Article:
So here's pictures of the removed unit (first two just as they appeared when I opened the case, second two showing after wiping oil off with a papertowel):








Inside the throttle area:

Not bad. It was "cleaned" by the dealer at around 70k, if I remember right.

The job itself was a mix of straightforward removal and absolutely rage inducing re-installation. I did the following removal procedure:
- Take the front side of the OTE pipe off and shifted the pipe out of the way. Stuff hose with shop towels and secure hose out of the way.
- Disconnect the air box from its mounts and disconnected the hood intake from the box.
- Disconnect the pipe from the throttle body. Stuff pipe with shop towels and push pipe towards the front of the car to get it out of the way.
- Cover the starter with a shop towel.
- Remove the throttle body mounting bolts from underneath the car with 1' or so of extensions on a ratchet.
- Break one of the clips while trying to remove the plug (I wouldn't recommend this part of the step). When removing the plug, I would use two small screwdrivers. One to wedge the plug tab over the nub, the other to pry the plug off. Once you get one side, do the other. Remove plug. Do not break clip! :mad:
- Slide the throttle body out by pushing it towards the driver's side along the throttle pipe. I was able to remove it in in the space left by pulling the hood intake tube out of the way and adjusting the airbox towards the passenger side.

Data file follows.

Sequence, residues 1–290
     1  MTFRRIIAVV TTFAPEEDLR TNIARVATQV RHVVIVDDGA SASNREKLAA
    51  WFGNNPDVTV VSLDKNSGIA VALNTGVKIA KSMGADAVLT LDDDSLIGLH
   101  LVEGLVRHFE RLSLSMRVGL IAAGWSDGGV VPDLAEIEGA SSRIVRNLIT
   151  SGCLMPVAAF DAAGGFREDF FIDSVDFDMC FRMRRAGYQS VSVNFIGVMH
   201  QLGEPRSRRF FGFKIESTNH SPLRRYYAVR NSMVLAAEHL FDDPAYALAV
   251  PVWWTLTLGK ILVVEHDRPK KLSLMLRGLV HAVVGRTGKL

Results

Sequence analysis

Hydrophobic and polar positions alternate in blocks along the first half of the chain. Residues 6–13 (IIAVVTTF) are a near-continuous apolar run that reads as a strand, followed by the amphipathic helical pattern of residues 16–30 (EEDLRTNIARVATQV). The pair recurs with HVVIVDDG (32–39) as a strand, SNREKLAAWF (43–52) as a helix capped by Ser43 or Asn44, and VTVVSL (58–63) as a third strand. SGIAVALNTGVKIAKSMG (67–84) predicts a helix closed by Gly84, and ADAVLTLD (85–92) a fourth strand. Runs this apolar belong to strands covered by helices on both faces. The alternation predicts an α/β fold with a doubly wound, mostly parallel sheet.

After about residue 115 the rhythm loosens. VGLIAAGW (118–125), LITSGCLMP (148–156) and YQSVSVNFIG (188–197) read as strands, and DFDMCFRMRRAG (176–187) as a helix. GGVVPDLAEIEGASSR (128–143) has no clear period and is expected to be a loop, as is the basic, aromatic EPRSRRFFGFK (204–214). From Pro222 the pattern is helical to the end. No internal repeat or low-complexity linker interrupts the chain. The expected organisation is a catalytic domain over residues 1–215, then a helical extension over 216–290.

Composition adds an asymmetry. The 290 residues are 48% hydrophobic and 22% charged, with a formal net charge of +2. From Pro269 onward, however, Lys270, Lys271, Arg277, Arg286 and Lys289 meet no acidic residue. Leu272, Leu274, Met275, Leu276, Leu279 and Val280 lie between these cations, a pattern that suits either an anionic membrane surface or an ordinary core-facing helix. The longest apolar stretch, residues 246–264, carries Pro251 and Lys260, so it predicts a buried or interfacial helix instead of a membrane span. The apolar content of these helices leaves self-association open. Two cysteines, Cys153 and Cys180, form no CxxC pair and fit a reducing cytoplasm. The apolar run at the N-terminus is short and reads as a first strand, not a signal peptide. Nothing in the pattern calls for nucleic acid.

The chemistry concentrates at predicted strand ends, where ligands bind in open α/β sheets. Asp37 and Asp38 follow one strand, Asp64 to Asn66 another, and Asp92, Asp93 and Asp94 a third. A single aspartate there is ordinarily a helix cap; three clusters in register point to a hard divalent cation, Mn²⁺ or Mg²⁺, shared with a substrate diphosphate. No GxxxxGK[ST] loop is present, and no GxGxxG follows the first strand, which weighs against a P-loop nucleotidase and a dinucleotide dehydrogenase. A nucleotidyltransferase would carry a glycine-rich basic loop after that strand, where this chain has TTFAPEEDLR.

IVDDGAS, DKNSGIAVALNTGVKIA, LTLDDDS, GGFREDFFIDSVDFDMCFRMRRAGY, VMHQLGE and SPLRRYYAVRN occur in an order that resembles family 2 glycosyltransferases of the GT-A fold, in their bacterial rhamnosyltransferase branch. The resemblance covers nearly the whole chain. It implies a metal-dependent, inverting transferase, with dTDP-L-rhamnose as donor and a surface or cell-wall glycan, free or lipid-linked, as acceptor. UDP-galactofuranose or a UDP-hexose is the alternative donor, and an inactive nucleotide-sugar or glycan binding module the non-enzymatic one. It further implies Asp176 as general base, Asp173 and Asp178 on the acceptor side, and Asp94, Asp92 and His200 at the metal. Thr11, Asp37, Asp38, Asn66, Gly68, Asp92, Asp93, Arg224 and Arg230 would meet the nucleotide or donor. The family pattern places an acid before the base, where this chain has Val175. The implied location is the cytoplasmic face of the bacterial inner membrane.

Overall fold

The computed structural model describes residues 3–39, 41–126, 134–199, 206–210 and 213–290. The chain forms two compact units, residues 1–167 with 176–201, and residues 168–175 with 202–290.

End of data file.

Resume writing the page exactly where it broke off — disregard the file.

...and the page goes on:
Installation procedure (the fun part :facepalm:):
- The best way I can figure to get this back on with the gasket in place is to have two people. I'm pretty sure it's the only way I got it done.
- Put the gasket on top of the throttle body and put the front passenger side bolt through the throttle body.
- Locate the hole for the front passenger bolt. Hold throttle body up while simultaneously trying to thread bolt.
- If you can get this bolt even kind of threaded (just enough to hold the gasket in place at that corner) then this is where the second person becomes super helpful.
- One person, over the car, should hold the throttle body in place and make sure the gasket stays in place. The second person should reach the string of extensions up from the bottom with a bolt in the socket and try to thread a second bolt (CRITICAL not to strip threads here - I recommend not attaching the ratchet and just using your fingers to manipulate the extensions). Once you have two in place and the gasket is in place, then the rest are easy. I would remove the first one (after getting the other three going) and reinsert it to make sure you didn't accidentally start it wrong.
- Once the throttle body is secure, just reverse the removal steps and you're golden.

Edit:
There is an initialization period required. After installation, turn key to position II and wait for 20 or 30 seconds. You'll hear it sweeping back and forth. Once this is done, you're ready.
 

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Discussion Starter · #7 ·
Were you able to program the new ETM to your ECU with VIDA?
It's a throttle body, not an ETM. ETM is from the generation before the P2R. The throttle body did not require programming. Plug and play. :thumbup: